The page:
He loves them to the max, to the end, infinitely, utterly, completely, perfectly. How is that love measured? Well, the Bible is full of statements about the love of God, but you don't even need to go beyond these chapters that are in front of us right now. God's love for His own, mentioned there in verse 1, is then explained in the next five chapters.

Let me help you with just a little summary. It isn't romantic love. It isn't sentimental love. It isn't emotional love. It isn't fickle love. It is fixed, eternal love that provides eternal salvation, eternal blessing, and eternal glory. What we're going to learn in these chapters is this.

Give you a list. It is gracious love. We don't deserve it. It is sovereign love. He loved us first. We love Him because He first loved us. It is redeeming love. It is love that reached out and sought us and bought us. It is unconditional love.

It is not predicated on anything we have done and in full awareness of our wretchedness. It is faithful love. To the very end, nothing can separate us from this love, nothing, Romans 8. It is intercessory love. He loves us so much that He intercedes for us at all times, ever living to intercede for us before the throne of God so that everything He pledged and promised to us is delivered. It is sacrificial love. Greater love hath no man than this, John 15, 13, that a man lay down his life for his friends. It is a love that demanded the greatest sacrifice. It is generous love. He has blessed us with all spiritual blessings in the heavenlies in Christ Jesus. It is this lavish, incomprehensible love.

So let me say it again. It is gracious love, sovereign love, redeeming love, unconditional love, faithful love, intercessory love, sacrificial love, and generous love. How much does He love us?

Look how generous He is. This eternal, everlasting, infinite love is behind all that He promises in this section. Now I don't have time to show you specific verses, but here's what we're going to look at. How much does He love us? What does He give us? First thing He gives us right out of the gate in chapter 13 is an example of humility, an example of humility when He washes the disciples' feet.

Why is that important? Because we need to know what humility is, because humility is the path to grace, because God gives grace to the humble. God gives grace to the humble. God exalts those who abase themselves. So the greatest spiritual virtue is humility.

Here is a treasure. We have an example of humility, the purest virtue and the path to effective evangelism. Yes, yes, humility is the path to evangelism, because humility is behind love, and they will know us by our love. He not only gives us an example of humility, He gives us a new commandment to love and then gives us the capacity to love. He gives us the capacity to love in a way that we can't love before we come to Christ, a new commandment to love, to love as I have loved you, and a new capacity to do that. Chapter 14, He gives us a home in heaven, and then a promise to come and get us and take us there. In chapter 14 and 15, He gives us a promise to supply everything we need, everything He knows we need.

He will supply and hold nothing back. He promises to give us and has the Holy Spirit as our Helper, our Comforter, and our truth teacher. In chapter 15, He promises to give us peace, a perfect peace. He promises to give us spiritual productivity, to give us life pouring through us so that we bear much fruit for His glory.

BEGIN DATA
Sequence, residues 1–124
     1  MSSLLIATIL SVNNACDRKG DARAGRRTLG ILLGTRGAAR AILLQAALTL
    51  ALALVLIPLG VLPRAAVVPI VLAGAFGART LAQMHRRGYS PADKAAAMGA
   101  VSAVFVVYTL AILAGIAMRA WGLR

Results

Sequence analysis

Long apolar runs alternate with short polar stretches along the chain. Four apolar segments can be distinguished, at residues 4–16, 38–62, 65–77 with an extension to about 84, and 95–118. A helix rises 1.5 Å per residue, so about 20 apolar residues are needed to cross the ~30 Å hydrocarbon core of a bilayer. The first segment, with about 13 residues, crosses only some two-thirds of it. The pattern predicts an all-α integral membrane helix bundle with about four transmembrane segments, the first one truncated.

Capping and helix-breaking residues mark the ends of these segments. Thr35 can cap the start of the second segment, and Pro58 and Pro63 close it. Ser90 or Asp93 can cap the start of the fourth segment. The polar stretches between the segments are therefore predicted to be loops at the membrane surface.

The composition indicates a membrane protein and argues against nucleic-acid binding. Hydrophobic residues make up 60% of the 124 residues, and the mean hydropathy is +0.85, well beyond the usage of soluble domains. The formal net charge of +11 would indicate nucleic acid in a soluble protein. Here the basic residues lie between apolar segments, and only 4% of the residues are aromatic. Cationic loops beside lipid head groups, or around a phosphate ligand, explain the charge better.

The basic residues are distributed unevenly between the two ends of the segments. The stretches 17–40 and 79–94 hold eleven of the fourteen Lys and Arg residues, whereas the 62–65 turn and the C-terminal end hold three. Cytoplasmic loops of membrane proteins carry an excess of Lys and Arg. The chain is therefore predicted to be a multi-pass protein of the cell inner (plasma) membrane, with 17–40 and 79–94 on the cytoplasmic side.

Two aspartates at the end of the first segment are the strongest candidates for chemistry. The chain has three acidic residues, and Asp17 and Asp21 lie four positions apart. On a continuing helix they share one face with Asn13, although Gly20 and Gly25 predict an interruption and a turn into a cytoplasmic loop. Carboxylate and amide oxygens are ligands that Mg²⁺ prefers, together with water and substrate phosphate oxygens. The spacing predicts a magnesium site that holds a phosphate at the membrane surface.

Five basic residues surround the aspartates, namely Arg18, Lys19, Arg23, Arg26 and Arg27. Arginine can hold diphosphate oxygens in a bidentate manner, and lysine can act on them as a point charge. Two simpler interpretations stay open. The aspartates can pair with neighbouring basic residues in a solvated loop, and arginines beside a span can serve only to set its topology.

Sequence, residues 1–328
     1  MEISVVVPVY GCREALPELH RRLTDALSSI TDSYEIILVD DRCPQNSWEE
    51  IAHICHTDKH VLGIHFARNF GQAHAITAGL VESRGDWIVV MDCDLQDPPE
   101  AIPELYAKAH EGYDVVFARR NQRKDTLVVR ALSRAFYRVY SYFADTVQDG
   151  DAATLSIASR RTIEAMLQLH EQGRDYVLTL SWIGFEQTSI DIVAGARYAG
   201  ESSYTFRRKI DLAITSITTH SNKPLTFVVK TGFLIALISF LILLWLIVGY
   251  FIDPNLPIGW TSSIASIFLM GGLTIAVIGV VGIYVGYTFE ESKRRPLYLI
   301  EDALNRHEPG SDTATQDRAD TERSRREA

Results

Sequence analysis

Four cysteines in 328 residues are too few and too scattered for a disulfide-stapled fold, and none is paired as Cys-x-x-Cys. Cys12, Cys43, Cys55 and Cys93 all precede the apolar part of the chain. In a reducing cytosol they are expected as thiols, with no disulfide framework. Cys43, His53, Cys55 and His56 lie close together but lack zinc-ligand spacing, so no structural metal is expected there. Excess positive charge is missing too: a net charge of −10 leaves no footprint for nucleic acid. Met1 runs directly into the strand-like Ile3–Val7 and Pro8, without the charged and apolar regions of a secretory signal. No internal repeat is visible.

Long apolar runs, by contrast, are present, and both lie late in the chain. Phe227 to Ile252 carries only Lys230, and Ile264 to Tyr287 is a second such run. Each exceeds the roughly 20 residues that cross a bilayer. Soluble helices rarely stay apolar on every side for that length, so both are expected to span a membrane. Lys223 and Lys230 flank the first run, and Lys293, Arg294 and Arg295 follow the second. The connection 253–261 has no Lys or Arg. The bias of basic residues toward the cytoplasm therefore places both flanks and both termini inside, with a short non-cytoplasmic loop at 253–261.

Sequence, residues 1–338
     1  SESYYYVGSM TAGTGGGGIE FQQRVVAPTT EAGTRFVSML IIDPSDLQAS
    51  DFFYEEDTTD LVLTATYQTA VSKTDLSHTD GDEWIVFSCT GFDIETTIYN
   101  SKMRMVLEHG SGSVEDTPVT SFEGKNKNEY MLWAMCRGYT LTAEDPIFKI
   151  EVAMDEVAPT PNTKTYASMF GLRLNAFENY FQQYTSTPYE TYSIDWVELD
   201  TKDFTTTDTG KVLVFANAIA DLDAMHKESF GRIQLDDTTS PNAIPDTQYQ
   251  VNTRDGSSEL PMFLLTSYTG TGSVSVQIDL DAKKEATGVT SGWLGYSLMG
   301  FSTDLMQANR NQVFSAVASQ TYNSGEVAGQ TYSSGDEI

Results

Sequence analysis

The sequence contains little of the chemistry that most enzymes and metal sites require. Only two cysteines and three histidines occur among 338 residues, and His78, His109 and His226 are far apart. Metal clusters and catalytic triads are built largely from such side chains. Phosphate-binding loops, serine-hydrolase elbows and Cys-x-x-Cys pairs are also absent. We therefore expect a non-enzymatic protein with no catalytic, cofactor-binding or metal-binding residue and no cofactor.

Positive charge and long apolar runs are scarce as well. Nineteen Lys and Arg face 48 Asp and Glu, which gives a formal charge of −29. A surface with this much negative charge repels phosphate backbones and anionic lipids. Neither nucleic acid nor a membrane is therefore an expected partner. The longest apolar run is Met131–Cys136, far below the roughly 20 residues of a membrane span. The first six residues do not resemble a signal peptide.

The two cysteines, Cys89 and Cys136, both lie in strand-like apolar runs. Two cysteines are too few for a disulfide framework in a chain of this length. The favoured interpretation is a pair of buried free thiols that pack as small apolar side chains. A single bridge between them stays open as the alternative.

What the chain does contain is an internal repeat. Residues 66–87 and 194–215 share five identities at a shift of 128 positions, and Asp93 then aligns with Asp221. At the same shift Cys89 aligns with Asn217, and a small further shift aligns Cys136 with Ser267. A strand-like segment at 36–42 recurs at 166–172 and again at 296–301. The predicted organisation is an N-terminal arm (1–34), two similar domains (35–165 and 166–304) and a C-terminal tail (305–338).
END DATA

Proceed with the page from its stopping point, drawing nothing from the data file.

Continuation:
He promises to make us intimate family, not just slaves, friends, sons. He promises to give us joy, endless, boundless joy. He promises in chapter 15 and 16 to give us triumph in the face of persecution. In chapter 15, He pledges to give us power to proclaim the gospel, and then promises that He will grant to us the power of the Holy Spirit to do the convicting of the sinner so that the sinner can respond to the gospel.

Chapter 16, so what are we saying? He gives us the path of humility, which is the path to effective evangelism, love, and grace. He gives us a capacity to love, a home in heaven, a promise to take us there, a pledge to supply everything we need, the Helper, the Holy Spirit, who is also the truth teacher. He promises us a resurrection, perfect peace, spiritual fruit, joy, triumph and persecution, power to proclaim the gospel, and divine help to convict the sinner.

And then, as if that's not enough, I will ask you to look at chapter 16, verse 15. "'All things that the Father has are Mine.'" All things that the Father has are Mine.

Just think about that. "'All that the Father has are Mine.' Therefore I said, He takes of Mine and will give it to you." Gives you everything. Whatever might have been left out up to this point, all things that belong to God, all things that belong to Christ, He gives to us.

It's just amazing. Verse 23, 16, 23, "'In that day, you will not question Me about anything. Truly, truly, I say to you, if you ask the Father for anything in My name, He will give it to you.'"

Anything in My name. Verse 24, "'Until now you have asked for nothing in My name. Ask you'll receive so that your joy may be made full.'" Everything, all things, anything, all that belongs to God, all spiritual blessings in the heavenlies, to borrow Paul's language, are available and granted to us. This is the lavish nature of the love of the Lord for His own royal priesthood. And oh, by the way, by the way, all along, He keeps giving us more and more and more love. Chapter 14, verse 21, "'He who has My commandments keeps them.'"

That's a believer. "'Is the one who loves Me. He who loves Me will be loved by My Father, and I will love him and will disclose Myself to him.'"